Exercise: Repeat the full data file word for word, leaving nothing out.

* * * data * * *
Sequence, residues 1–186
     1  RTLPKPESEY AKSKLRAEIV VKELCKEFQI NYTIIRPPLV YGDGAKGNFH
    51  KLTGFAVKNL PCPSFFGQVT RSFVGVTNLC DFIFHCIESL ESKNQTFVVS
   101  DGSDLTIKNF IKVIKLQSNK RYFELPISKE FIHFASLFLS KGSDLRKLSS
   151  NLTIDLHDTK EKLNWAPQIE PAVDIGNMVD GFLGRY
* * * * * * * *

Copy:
Sequence, residues 1–186
     1  RTLPKPESEY AKSKLRAEIV VKELCKEFQI NYTIIRPPLV YGDGAKGNFH
    51  KLTGFAVKNL PCPSFFGQVT RSFVGVTNLC DFIFHCIESL ESKNQTFVVS
   101  DGSDLTIKNF IKVIKLQSNK RYFELPISKE FIHFASLFLS KGSDLRKLSS
   151  NLTIDLHDTK EKLNWAPQIE PAVDIGNMVD GFLGRY